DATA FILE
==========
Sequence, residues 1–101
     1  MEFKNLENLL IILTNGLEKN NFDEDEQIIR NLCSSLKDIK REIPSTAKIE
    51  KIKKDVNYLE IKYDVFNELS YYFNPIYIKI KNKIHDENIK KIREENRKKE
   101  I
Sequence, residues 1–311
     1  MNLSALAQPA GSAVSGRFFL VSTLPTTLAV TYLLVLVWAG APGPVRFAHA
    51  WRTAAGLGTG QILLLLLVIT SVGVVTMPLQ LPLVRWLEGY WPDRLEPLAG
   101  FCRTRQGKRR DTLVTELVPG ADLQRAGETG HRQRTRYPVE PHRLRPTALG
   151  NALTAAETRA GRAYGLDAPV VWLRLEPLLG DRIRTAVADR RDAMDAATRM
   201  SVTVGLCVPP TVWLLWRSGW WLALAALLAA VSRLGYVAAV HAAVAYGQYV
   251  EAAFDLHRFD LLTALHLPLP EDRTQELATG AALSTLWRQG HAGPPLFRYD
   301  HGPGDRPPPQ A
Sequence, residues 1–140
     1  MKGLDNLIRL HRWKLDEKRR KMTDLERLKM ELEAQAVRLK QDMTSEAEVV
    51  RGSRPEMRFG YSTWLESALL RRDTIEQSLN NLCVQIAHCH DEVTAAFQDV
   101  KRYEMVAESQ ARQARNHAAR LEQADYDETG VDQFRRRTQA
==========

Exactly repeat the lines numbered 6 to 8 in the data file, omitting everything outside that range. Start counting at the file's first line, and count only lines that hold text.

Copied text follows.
     1  MNLSALAQPA GSAVSGRFFL VSTLPTTLAV TYLLVLVWAG APGPVRFAHA
    51  WRTAAGLGTG QILLLLLVIT SVGVVTMPLQ LPLVRWLEGY WPDRLEPLAG
   101  FCRTRQGKRR DTLVTELVPG ADLQRAGETG HRQRTRYPVE PHRLRPTALG